What Is the Eastern Alliance?

What Is the Eastern Alliance?

What Is the Eastern Alliance?

Answers to your questions about the news.
Dec. 11 2001 6:05 PM

What Is the Eastern Alliance?

A banner headline at CNN.com Tuesday proclaimed that the Eastern Alliance had delivered an ultimatum to al-Qaida fighters in the mountains surrounding Tora Bora: Surrender by 10:30 p.m. ET (8 a.m. local time) or face an unrelenting attack. OK, but what's the Eastern Alliance? Does it have anything to do with the Northern Alliance?

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The "Eastern Alliance" is what CNN calls the Eastern Shura, the coalition of three militias led by former anti-Soviet mujahideen that has been trying to root out al-Qaida in eastern Afghanistan. The Associated Press refers to it in lower case as the "eastern alliance," and it's often referred to only as "anti-Taliban forces in Eastern Afghanistan" or simply "America's Afghan allies." The Eastern Shura overthrew the Taliban in mid-November in three provinces, including the Nangahar province that includes Jalalabad and Tora Bora.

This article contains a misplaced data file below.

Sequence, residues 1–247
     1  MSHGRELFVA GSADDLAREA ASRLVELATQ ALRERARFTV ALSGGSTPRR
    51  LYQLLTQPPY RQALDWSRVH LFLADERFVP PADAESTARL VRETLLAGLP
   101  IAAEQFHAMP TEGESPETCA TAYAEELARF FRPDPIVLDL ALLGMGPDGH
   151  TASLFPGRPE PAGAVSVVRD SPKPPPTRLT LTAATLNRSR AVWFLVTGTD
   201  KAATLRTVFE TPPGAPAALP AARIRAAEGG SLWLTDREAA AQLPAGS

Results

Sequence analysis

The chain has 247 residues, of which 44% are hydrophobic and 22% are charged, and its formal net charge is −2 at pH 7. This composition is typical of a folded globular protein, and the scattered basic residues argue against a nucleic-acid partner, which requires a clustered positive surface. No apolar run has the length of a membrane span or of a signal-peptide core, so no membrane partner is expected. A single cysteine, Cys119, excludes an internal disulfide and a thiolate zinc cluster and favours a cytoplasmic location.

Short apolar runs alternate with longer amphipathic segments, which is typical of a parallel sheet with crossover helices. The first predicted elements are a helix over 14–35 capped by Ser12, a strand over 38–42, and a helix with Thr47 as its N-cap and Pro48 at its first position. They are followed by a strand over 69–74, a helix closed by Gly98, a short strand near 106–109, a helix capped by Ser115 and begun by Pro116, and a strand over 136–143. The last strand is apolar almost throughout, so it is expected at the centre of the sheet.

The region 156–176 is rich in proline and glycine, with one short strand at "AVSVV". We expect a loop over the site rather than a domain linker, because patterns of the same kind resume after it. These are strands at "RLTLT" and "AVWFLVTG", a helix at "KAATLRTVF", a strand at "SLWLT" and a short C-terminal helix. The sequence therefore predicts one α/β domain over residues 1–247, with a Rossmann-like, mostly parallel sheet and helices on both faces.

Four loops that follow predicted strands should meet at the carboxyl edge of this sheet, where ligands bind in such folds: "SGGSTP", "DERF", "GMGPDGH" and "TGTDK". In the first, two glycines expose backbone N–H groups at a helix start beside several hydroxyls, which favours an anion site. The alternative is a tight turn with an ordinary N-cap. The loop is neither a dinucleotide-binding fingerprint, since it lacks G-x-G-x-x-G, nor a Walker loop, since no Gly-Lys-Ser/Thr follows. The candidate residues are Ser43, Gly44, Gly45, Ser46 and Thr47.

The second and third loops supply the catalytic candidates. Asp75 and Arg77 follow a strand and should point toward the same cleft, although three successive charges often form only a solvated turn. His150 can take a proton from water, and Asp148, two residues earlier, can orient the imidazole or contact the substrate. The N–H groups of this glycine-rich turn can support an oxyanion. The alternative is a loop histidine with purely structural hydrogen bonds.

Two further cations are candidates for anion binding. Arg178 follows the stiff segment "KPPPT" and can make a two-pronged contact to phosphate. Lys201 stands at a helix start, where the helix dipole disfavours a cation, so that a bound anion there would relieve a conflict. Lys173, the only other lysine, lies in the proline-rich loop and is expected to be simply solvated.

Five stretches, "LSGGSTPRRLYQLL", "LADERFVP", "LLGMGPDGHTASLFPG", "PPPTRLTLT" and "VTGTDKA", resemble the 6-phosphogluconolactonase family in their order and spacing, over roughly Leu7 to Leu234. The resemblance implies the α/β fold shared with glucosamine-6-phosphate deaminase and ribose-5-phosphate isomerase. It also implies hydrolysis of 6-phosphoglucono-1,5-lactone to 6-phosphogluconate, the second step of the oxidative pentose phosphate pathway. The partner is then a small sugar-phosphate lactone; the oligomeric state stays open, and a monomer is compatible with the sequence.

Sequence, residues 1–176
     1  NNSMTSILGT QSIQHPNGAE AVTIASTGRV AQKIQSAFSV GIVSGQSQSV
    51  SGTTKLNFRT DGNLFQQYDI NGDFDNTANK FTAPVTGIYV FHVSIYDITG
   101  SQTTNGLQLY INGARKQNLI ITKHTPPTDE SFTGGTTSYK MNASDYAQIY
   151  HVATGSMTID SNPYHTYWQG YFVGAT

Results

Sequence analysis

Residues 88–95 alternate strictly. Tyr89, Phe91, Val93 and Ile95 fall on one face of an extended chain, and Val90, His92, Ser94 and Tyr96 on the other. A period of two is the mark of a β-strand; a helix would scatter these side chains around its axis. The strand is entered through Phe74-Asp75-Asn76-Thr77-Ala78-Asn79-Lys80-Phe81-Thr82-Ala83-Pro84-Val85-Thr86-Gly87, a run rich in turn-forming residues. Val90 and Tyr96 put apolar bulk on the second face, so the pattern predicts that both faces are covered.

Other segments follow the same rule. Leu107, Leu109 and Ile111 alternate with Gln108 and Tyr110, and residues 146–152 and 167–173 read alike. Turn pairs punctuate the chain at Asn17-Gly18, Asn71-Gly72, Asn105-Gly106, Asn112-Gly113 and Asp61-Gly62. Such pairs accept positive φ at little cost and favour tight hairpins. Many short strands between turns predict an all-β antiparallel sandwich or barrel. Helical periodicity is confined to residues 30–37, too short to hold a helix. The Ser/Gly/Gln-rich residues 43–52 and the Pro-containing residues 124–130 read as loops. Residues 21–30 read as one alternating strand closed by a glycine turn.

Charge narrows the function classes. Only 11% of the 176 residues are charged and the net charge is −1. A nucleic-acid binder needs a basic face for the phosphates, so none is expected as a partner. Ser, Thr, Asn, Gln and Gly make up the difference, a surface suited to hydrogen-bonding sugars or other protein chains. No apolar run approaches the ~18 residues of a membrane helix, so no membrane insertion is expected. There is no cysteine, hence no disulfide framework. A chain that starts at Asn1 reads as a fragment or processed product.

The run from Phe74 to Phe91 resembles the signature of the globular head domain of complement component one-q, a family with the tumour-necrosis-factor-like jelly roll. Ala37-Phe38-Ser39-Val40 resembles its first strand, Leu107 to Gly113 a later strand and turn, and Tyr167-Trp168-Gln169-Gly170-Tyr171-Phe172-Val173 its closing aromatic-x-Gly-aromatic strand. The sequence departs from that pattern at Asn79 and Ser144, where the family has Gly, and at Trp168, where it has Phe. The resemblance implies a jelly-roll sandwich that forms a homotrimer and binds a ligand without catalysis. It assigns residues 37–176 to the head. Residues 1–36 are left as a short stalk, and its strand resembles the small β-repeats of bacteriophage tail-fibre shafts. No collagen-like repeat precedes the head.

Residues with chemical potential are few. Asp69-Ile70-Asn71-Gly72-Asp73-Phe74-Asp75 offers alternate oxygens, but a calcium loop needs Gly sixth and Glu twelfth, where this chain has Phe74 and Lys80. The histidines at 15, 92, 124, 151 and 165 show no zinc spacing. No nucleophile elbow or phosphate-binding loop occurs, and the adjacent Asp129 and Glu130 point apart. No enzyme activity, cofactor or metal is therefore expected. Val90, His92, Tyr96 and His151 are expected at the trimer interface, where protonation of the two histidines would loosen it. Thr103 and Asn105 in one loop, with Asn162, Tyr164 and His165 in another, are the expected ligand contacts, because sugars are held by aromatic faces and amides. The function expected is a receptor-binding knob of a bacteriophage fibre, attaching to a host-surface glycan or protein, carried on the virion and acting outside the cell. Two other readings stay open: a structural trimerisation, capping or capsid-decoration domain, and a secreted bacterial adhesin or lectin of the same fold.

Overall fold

The Eastern Shura sees itself as a counterweight to the Northern Alliance. Unlike the Northern Alliance, which consists mainly of Tajiks, Uzbeks, and Hazaras, the Eastern Shura consists mainly of Pashtuns.

Bonus Explainer: What's a "shura"? According to Newsday, a shura is a "consultative council of elders": "Shuras have a long tradition in Afghan politics as a tool of reaching consensus among different tribes and ethnic groups." The Washington Post says a shura is a "regional governing council."